2  
So each of these unicode characters is a 字 for the Chinese, which is not the same thing as a "word" (词), but also not equivalent to a Western letter, or syllable. –  NullUserException Sep 26 '10 at 17:04

Languages like Chinese have a very fluid definition of a word. E.g. One meaning of ma is "horse". One meaning of shang is "above" or "on top of". A compound is "mashang" which means literally "on horseback" but is used figuratively to mean "immediately". You need a very good dictionary with compounds in it and looking up the dictionary needs a longest-match approach. Compounding is rife in German (famous example is something like "Danube steam navigation company director's wife" being expressed as one word), Turkic languages, Finnish, and Magyar -- these languages have very long words many of which won't be found in a dictionary and need breaking down to understand them.

Your problem is one of linguistics, nothing to do with Python.

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I guess we just have different usage of the term "word" when applying it to Chinese. To me "ma shang" ("马上") are simply 2 words/characters. 马 is the 1st, 上 is the second. –  Continuation Sep 26 '10 at 12:50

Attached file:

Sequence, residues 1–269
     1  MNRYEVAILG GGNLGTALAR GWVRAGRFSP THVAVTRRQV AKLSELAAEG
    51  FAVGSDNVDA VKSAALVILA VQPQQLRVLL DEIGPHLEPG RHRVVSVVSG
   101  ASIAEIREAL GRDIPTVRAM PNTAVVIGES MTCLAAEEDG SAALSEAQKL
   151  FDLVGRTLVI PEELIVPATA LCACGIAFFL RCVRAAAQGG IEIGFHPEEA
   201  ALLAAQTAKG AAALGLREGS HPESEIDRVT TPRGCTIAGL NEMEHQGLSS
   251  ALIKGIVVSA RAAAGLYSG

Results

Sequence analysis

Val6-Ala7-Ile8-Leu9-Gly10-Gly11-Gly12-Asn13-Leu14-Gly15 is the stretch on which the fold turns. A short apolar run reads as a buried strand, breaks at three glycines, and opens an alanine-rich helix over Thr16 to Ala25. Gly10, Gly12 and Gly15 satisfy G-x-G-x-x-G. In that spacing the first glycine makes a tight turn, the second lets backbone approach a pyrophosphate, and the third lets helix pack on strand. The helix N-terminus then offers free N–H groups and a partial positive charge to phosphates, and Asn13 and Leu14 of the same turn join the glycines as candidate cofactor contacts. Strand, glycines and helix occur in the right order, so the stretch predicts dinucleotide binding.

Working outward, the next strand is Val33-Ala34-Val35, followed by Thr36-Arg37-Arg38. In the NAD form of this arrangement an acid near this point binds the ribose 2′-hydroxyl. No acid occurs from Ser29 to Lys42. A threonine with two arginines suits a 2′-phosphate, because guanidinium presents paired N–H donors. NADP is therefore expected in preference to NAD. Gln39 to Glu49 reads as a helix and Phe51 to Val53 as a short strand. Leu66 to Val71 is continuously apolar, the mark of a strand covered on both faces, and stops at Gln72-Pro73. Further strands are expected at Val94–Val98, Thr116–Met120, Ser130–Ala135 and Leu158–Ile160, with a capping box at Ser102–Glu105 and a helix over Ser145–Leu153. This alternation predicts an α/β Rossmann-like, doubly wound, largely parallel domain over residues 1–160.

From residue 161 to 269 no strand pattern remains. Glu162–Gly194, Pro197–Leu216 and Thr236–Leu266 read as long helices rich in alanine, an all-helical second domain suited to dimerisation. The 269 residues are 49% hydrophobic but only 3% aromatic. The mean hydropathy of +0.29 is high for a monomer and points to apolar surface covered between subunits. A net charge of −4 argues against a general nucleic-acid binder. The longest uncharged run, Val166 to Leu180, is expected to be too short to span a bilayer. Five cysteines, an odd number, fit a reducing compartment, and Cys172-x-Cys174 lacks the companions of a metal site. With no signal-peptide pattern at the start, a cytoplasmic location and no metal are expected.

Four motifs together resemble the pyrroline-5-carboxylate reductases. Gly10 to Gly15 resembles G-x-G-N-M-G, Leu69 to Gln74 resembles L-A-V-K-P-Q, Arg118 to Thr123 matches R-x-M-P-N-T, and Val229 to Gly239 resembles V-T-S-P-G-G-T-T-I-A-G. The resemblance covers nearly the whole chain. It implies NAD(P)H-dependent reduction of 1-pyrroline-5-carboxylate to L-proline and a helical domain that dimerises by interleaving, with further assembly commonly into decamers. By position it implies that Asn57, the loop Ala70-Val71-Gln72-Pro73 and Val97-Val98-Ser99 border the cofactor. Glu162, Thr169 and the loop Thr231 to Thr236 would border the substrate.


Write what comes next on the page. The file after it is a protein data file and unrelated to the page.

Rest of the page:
2  
To me, a word is a string of one or more characters that has a particular meaning. Note that some characters have no meaning of their own, and make sense only in conjunction with another character. A list of characters is not much use. –  John Machin Sep 26 '10 at 13:10

It's partially possible with Japanese, where you usually have different character classes at the beginning and end of the word, but there are whole scientific papers on the subject for Chinese. I have a regular expression for splitting words in Japanese if you are interested: http://hg.hatta-wiki.org/hatta-dev/file/cd21122e2c63/hatta/search.py#l19